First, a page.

A super blue blood moon will be visible across huge swathes of the planet today. Today’s rare eclipse combines three separate lunar phenomena: A supermoon, a blue moon and a blood moon.
Viewers can expect to see a blue moon – the second full moon in a calendar month – orbiting closer to the Earth than normal, making it seem up to 14 percent larger and 30 percent brighter in the sky.
If that wasn’t enough there will also be a total lunar eclipse – often described as a blood moon because of the way the moon turns a bright coppery red.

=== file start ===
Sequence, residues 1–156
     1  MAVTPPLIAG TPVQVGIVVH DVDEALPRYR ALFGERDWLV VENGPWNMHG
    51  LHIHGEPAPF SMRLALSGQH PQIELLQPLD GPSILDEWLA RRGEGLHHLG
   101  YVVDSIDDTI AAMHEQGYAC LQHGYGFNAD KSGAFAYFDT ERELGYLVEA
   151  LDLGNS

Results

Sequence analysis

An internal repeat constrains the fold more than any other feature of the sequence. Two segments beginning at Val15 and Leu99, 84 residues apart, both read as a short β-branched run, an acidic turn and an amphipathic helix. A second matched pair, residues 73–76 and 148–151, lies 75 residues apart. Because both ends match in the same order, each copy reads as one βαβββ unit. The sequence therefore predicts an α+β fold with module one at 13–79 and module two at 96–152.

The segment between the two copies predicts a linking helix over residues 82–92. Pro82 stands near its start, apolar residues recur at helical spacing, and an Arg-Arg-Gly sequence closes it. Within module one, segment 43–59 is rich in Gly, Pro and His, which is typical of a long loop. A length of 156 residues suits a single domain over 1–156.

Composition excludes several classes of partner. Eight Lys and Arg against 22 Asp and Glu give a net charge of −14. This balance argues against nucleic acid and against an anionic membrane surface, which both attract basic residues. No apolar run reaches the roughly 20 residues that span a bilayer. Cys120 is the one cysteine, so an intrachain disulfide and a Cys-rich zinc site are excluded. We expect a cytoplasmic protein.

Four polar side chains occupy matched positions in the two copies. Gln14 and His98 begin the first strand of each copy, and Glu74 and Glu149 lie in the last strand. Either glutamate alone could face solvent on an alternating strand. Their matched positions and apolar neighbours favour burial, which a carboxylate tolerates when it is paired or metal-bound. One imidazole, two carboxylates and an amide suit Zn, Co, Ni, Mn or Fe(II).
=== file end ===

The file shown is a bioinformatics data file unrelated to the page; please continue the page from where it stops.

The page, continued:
The eclipse is expected to reach totality at about 4.50am PT on the west coast of the US, where skywatchers will get some of the best views. In the eastern states, the moon sets at 6:58 a.m. and will only be in partial eclipse. The eclipse begins at 5:51 AM ET, as the Moon is about to set in the western sky, and the sky is getting lighter in the east.
NASA has dubbed the spectacle as a “lunar trifecta”. The Penumbral phase of the eclipse will begin today at 5.51am EST (10.51am GMT), and you can follow NASA’s live coverage starting from 5.30am EST (10.30am GMT).